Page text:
Molecular and isotopic characterization of terrestrial organic carbon released to (sub-)Arctic coastal waters

University dissertation from Stockholm : Department of Applied Environmental Science (ITM), Stockholm University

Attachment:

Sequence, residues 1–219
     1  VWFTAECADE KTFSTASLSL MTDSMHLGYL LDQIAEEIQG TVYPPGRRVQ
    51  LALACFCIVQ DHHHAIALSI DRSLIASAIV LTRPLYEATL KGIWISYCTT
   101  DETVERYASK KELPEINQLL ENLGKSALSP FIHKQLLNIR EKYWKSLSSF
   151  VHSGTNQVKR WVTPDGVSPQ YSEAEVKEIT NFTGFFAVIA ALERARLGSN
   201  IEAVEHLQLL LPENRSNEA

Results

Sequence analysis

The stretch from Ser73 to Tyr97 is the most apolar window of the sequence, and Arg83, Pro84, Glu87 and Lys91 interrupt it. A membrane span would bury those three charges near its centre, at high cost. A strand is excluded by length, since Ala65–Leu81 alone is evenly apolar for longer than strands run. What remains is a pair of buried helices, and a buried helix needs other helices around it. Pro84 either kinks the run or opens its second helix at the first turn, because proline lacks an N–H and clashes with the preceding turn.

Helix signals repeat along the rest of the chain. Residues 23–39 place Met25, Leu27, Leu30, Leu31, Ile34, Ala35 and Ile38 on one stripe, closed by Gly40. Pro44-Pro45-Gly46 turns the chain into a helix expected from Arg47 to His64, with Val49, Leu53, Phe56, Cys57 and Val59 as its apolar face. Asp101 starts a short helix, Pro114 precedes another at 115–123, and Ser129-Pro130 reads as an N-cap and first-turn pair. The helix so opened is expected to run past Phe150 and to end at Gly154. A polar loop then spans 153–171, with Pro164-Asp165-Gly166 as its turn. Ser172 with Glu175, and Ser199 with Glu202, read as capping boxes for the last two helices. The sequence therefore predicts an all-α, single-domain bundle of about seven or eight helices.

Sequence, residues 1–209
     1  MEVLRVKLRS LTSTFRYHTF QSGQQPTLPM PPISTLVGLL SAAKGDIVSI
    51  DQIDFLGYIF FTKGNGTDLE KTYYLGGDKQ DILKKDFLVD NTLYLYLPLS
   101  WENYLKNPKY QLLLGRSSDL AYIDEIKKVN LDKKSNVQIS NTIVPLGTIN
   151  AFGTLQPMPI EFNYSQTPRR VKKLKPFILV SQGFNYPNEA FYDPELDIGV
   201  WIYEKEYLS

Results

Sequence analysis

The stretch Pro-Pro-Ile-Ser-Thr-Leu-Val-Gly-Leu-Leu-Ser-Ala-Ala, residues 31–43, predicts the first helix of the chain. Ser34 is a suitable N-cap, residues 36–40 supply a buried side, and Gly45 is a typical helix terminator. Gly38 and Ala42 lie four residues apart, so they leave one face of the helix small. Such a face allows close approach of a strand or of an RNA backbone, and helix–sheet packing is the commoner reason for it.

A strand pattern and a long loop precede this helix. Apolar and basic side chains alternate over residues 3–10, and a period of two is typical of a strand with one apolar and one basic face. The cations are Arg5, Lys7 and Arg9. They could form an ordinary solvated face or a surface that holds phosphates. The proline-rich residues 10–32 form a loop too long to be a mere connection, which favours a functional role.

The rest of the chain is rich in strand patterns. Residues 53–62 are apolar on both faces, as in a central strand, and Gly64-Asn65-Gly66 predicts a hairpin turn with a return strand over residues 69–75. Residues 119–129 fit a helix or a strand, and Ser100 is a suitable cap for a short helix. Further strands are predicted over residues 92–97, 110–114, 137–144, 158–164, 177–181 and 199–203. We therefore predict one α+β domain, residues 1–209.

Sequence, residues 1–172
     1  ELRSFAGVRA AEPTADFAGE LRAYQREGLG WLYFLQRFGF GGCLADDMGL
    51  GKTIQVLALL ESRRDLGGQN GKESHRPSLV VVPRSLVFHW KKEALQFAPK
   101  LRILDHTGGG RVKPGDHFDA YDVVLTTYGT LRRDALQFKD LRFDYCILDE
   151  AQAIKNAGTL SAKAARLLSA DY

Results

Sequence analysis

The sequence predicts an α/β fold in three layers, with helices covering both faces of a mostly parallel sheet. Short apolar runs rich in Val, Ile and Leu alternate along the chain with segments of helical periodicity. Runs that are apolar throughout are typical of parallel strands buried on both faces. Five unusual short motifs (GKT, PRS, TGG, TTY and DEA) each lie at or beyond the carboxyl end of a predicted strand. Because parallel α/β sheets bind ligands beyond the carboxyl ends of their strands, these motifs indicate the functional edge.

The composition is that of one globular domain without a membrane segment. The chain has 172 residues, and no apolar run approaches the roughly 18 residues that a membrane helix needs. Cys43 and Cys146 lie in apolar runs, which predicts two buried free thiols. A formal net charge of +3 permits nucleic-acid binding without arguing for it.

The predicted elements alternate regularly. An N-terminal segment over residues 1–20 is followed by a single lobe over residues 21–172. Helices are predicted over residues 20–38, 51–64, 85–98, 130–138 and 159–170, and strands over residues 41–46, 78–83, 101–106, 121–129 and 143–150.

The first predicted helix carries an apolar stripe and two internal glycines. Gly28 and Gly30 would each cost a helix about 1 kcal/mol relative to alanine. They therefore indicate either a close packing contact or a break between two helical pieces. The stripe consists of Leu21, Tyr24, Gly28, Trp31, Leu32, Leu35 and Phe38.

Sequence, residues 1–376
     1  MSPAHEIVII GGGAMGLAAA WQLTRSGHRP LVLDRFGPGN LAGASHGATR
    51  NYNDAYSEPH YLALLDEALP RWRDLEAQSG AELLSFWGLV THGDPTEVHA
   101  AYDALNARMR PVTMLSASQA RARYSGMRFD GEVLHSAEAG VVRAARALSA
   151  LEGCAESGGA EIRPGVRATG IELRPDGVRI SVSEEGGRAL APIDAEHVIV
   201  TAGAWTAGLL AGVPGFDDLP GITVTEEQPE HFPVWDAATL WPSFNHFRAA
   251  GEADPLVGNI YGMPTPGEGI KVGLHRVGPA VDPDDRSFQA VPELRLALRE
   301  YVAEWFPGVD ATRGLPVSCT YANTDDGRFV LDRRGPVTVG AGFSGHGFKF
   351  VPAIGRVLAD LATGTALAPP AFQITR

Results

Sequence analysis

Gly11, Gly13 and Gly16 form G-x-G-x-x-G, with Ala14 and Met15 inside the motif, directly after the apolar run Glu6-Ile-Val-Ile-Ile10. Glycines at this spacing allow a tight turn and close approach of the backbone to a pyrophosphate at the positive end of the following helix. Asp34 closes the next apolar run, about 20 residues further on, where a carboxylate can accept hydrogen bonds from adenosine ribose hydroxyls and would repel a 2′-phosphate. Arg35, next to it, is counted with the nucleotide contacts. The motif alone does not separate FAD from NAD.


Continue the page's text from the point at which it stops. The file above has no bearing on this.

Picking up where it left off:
Abstract: Arctic soils store half of the global soil organic carbon (OC) pool and twice as much C as is currently present in the atmosphere. A considerable part of these carbon pools are stored in permafrost. Amplified climate warming in the Arctic will thaw permafrost and remobilize some of these substantial carbon stocks into the active carbon cycle, potentially causing positive feedback to global warming. Despite the global importance of this mechanism, our understanding of the fate of these thawing organic carbon (OC) pools is still poor, particularly regarding its degradation potential. This makes good estimates on greenhouse gas emissions versus coastal reburial impossible. This doctoral thesis aims to improve our understanding on the fate of high-latitude terrestrial OC during fluvial and coastal transport. In two study regions, the Bothnian Bay and the East Siberian Sea, we apply a wide range of bulk, molecular and isotopic geochemical analyses to reveal information on sources, age, degradation and transport routes.Our results show that both study regions receive and store large amounts of terrestrial OC, largely derived from peatlands (paper I, II and IV). This terrestrial matter undergoes extensive degradation in both the water column and surface sediments (paper I, III and IV). Surface sediments in the East Siberian Sea show a offshore-decreasing input of riverine OC and a considerable and constant input of OC from coastal erosion. The strong imprint of rapidly settling coastal OC far out on the shelf may be explained by a strong benthic boundary layer transport in combination with offshore ice-transport and selective preservation of erosion OC compared to riverine OC (paper IV). Molecular radiocarbon data allowed us to distinguish between two (sub-)Arctic soil OC pools that show a remarkably different susceptibility to degradation upon arrival in the coastal system; a young and easily degradable pool originating in surface peatlands, and an old and recalcitrant pool originating in deep mineral soils and coastal mineral Pleistocene deposits (paper III and IV). Our first estimates suggest that, in the Bothnian Bay coastal system, mineral soil OC is at least 20 times less susceptible to degradation than peatland OC (paper III). Hence, a considerable part of the thaw-released mineral OC pool may simply be relocated to coastal sediments instead of being emitted to the atmosphere.